Mayor denies accusations lodged by Hynes’ director, three witnesses

Mayor Carl A. Redus Jr. has denied that he accused Chester Hynes Community Center Director Laura Hildreth of “sabotaging” the facility after a recent paint job that has been contested by Parks and Recreation Department Director Angela Parker, Hildreth’s supervisor.

Redus encountered Hildreth at the center on Monday afternoon, and Hildreth and three of her co-workers who witnessed the exchange have detailed it in written statements.

“I can assure you that there was no intent to intimidate Laura Hildreth,” Redus said by telephone Thursday evening. “My only intent was to obtain information on the (painted) walls. As director, she should be aware of what is taking place there.”

“His tone was so loud that we held children in their classroom until he left,” Jerrika Kelly, a mentor in the Arts in Motion Summer Camp Enrichment Program at Hynes, said of Redus’ conduct. “He was yelling. He was very aggressive.”

Kelly, who serves as a local liaison for Pine Bluff native and Los Angeles Angels baseball standout Torii Hunter, said at one point she feared the mayor was losing emotional control, and that’s when co-worker Joyce Suggs intervened and suggested that Hildreth “not say anything else.”

Hildreth responded by folding her arms and maintaining silence until Redus finally departed, Kelly said.

“I did not accuse Laura Hildreth of sabotaging the building,” Redus said. “There was no confrontation between us. That’s totally off base. As I said, I was simply making an inquiry on the condition of the walls. My only reason for inquiring was that we’re talking about a $20,000 paint job and I want to know how it got messed up.”

The mayor said Hildreth became argumentative. “Her job is not to argue but to figure out what happened,” he said.

Redus indicated that he did not know Kelly, and Kelly said she was not aware that Redus was the mayor until the incident.

“I was shocked to learn that he’s the mayor,” said Kelly, who is primarily a summer worker at the facility and spends much of her time in Dallas. “I’m not impressed by him. He never acknowledged the kids at the center and he was inconsiderate of everyone else, too. His behavior was completely unacceptable.”

Kelly said she’s “a little apprehensive” of Redus, but feels that she “should speak up.”

The work in question was performed by contractor Keith Ross, whose efforts have been strongly disapproved in part by Parker. In a Tuesday morning walk-through of the facility with Parker, members of the parks and recreation commission’s personnel committee and Community Development Department Public Works Coordinator Larry Matthews, Ross agreed to take corrective action beginning Monday on “problems” as pointed out by Parker.

Meanwhile, Parker remains firm in her opinion that Ross, who has turned in change orders with which he’s requesting additional compensation, cannot be paid more than an adjusted $20,000 fee to which he had already agreed. Matthews, however, said Ross is eligible for more monies.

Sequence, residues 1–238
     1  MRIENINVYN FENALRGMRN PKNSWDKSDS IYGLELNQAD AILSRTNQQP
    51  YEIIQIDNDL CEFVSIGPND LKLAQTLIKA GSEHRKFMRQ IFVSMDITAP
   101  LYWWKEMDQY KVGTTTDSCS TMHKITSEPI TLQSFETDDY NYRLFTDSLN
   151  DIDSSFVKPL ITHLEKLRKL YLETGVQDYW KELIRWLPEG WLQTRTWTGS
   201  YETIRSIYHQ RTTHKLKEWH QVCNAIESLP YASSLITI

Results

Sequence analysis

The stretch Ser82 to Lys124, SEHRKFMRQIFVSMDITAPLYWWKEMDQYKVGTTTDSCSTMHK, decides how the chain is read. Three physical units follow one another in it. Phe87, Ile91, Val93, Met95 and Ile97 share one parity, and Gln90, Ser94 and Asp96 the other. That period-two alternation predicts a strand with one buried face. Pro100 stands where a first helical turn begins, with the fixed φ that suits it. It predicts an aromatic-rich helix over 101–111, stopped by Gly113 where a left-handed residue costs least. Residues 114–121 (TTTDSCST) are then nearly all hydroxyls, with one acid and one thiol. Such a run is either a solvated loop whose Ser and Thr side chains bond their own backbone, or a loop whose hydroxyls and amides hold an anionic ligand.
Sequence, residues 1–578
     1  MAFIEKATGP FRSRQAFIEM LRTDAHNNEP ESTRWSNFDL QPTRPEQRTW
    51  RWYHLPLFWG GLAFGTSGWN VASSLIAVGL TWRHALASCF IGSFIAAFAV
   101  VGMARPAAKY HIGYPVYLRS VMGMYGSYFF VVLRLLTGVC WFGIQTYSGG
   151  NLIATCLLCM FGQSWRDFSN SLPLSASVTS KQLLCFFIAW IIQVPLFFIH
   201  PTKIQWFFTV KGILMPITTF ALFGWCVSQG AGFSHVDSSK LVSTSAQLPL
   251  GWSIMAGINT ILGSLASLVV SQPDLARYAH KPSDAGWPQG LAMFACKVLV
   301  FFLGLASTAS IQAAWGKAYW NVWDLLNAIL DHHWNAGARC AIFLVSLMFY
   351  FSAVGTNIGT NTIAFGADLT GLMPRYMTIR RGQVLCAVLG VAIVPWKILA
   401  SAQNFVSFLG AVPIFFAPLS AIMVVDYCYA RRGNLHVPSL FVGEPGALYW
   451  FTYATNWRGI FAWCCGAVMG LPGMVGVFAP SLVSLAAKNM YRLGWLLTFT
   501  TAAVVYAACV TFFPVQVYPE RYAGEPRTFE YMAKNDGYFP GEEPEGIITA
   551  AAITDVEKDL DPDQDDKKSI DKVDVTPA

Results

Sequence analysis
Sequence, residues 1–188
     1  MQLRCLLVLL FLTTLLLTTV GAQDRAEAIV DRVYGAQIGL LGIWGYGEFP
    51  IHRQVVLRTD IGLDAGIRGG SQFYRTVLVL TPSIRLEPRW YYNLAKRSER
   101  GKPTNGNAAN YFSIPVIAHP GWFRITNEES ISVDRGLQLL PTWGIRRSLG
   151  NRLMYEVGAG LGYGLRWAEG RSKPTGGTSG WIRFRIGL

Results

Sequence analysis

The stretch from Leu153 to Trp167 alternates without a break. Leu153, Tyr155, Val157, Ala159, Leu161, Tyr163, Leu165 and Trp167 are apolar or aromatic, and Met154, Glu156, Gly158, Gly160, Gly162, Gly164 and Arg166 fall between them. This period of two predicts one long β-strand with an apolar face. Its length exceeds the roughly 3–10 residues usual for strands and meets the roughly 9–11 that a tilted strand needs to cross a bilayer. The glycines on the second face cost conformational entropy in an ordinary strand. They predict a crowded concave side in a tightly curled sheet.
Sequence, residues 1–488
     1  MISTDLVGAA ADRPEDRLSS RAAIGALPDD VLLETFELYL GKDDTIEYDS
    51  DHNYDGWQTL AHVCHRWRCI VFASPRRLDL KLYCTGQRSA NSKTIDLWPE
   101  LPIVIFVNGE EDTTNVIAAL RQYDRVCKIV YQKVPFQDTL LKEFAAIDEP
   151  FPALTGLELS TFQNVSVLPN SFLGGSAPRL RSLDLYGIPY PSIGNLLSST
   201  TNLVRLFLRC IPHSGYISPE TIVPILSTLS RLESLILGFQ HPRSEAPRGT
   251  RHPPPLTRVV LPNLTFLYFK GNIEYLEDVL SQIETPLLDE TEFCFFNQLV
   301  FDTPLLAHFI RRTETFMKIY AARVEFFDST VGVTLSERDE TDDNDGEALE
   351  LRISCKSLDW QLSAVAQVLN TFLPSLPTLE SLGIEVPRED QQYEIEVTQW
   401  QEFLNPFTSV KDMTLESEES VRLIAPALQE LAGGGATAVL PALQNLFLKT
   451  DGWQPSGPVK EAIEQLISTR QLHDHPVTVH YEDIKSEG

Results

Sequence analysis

Ross believes The Commercial’s coverage has been “unfair and inconsistent” toward him and is damaging his reputation. He said Thursday night that he was instructed before starting the job “to deal only with Mr. Matthews and the mayor.” He said he fulfilled his work orders and “even did some things that I wasn’t paid for.”

Parker, however, listed 100 items in what she deemed as unfinished or improperly-done painting tasks under Ross’ charge. Among the adjectives Parker employed in describing the flaws were “terrible,” “crappy” and “horrible.”

Hildreth said that during Redus’ Monday visit at Hynes, she was in a hallway with Kelly, Suggs and another summer program director, Linda Nance, when the mayor – accompanied by Community Development Department employee Sarah Price – “called me to him.” She said he asked why tape was on hallway walls where corkboards are to be, and she replied that the painting of the walls was still incomplete.

She said she asked the mayor “what he would like,” and he raised his voice and responded. “You are the director. Figure it out.” Hildreth said she walked away, returning to her office. Hildreth said “a few minutes later,” Price appeared and “summoned me to the gym.” There, Redus asked why “a piece of wood” had been placed on a wall. Hildreth said she told him it was “part” of an upcoming “final performance” by summer students. She said Redus told her she couldn’t put “things” on the wall.

Hildreth said that moments later, Redus “cornered” her and asked “why paint was coming off the walls.” After she told him she didn’t know, she said he leveled the sabotaging charge against her. Hildreth said she was stunned and replied, “Really? You must be kidding.”

“I was embarrassed because he yelled at me, totally disrespected me in front of my staff and (summer camp) children,” said Hildreth. “He did it out in the open and it was direct harassment.”

She said she felt the mayor had “bullied” her. “He pointed his finger in my face and told me I would not win this battle,” she said. “What battle?”

“We teach our children that bullying isn’t permitted nor tolerated and that they should respect each other’s feelings and property and they should treat others as they want to be treated,” said Nance. “If this lesson is good enough for our children, then it should certainly be applied by our mayor.”

Redus said he was displeased that “a piece of old, burnt wood from a house across the street” would be attached to a center wall. “We’re investigating that,” he said.

The participants in the Arts in Motin Summer program will conduct the grand finale at 5:30 p.m. at

Chester Hynes.